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Down syndrome

Also known as: Down's syndrome, Trisomy 21

Background

In the UK, around 1 in every 1,000 babies is born with Down syndrome. Anyone can have a baby with Down syndrome and in most families it appears to be a chance occurrence. The condition was first described by Dr John Langdon Down in 1862.

Credits

Medical text written December 2011 by Dr Kath Leyland and Dr Jennifer Dennis. Down Syndrome Medical Interest Group, UK.

What are the symptoms?

There is no such thing as a typical person with Down syndrome. They do share some features but like all people they vary a lot in appearance, personality and ability. Nearly all those with the syndrome have learning difficulties (see entry Learning Disability). Some have more serious difficulties than others. It is hard to tell as babies how much they will be affected as they get older. Many children cope well with mainstream school albeit with extra support. Many adults work and some live fairly independent lives. However, most people with Down syndrome need some long-term help and support.

A number of health problems are linked to Down syndrome, including heart problems (see entry Heart Defects), thyroid problems (see entry Thyroid disorders) and reduced vision and hearing. People vary and many enjoy good health.

Most people with Down syndrome live to be 50 years of age and some live to be over 70. Alzheimer's disease (a form of dementia) affects some people with Down syndrome at an earlier age than is usual.

What are the causes?

Every cell in the body contains 46 chromosomes. These are inherited from our parents and carry the genes which influence what we look like and how we develop. These are arranged as 23 identical pairs. When the body produces the sperm and ova (eggs) to make babies the chromosome pairs divide and rearrange themselves. However, sometimes they do not divide correctly and the baby is born with an extra copy of chromosome 21 in some or all cells. This error arises spontaneously and is not caused by anything parents have or have not done. It does however occur more frequently among older mothers. It is not known why the extra chromosome has such an effect on development, but researchers continue to try to unravel the changes in body chemistry which may underlie this.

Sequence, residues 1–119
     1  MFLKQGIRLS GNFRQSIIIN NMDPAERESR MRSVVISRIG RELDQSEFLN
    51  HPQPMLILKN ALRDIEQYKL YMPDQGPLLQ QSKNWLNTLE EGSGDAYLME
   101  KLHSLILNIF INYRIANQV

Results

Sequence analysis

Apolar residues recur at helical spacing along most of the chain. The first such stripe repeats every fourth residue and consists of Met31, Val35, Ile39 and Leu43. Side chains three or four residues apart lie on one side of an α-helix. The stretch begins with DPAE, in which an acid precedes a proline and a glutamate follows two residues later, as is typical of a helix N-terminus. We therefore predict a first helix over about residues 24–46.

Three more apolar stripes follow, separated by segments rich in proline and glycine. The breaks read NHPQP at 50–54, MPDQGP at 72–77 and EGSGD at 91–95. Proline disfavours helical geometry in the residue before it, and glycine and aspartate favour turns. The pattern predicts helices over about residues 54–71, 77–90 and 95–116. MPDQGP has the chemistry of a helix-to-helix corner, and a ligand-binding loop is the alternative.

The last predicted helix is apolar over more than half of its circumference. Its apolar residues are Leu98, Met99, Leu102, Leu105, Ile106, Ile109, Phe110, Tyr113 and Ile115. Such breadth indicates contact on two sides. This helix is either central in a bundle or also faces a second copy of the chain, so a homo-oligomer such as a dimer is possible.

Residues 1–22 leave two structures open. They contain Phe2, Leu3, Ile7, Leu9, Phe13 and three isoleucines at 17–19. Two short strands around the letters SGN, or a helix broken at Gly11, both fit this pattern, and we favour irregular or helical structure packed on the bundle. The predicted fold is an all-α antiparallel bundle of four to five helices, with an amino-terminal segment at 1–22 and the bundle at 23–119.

How is it diagnosed?

Features suggestive of Down syndrome are usually recognised at or shortly after birth. The diagnosis is confirmed by a blood test to examine the chromosomes (karotyping).

How is it treated?

Most of the associated health problems with Down Syndrome can be treated. The schedule of health checks suggested by the Down Syndrome Medical Interest Group (see Personal Child Health Record Down syndrome insert) can be followed to ensure that problems are identified and treated early. A child with Down syndrome should be supported by a multiprofessional team to ensure his/her health, education and social care needs are met. Local arrangements vary in how this is organised.

Inheritance patterns and prenatal diagnosis

Inheritance patterns
In most instances there is no previous family history. For the majority there is a small risk of recurrence. However in a small number of cases the chromosome tests show a higher risk of recurrence and genetic counselling is needed.

Prenatal diagnosis
In the UK screening for Down syndrome is routinely offered to all women during pregnancy to identify those who are at high risk of having a child with the syndrome. If further more detailed testing confirms that the baby has Down syndrome, information and counselling is available.

Is there support?

Down's Syndrome Association

Tel: 0333 1212 300
Email: info@downs-syndrome.org.uk
www.downs-syndrome.org.uk

The Association is a Registered Charity in England and Wales No. 1061474. It provides information and support to people with Down Syndrome and their families, carers and professionals across the UK. 

Group details last updated December 2014.

Down Syndrome Education Online

Email: via website
www.down-syndrome.org

The Organisation is a Registered Charity in England and Wales No. 1062823, established in 1979. It undertakes innovative research, provides expert advice and support, publishes information resources and provides hands-on services to deliver real benefits to the lives of people with Down's syndrome in the UK and worldwide.

Group details last confirmed October 2015.

Down Syndrome Medical Interest Group UK

Email: via website
www.dsmig.org.uk

The Group is a network of healthcare professionals with a specialist interest in Down's syndrome, established in 1996. Its website provides information for health professionals on best practice medical care. It also highlights information which is particularly parent/carer friendly.

Group details last confirmed October 2015.

Down's Syndrome Scotland

Tel: 0131 313 4225
Email: info@dsscotland.org.uk
www.dsscotland.org.uk

The Organisation is a Registered Charity in Scotland No. SC011012. It provides information and support for people in Scotland with Down's syndrome and their families, carers and professionals. The Organisation has local branches that hold local activity groups.

Group details last updated December 2014.

Down's Heart Group

Tel: 0300 102 1644
Email: info@dhg.org.uk
www.dhg.org.uk

The Group is a Registered Charity in England and Wales No. 1011413.  It provides information and support to parents and professionals on heart conditions associated with Down's Syndrome. 

Group details last updated January 2016.

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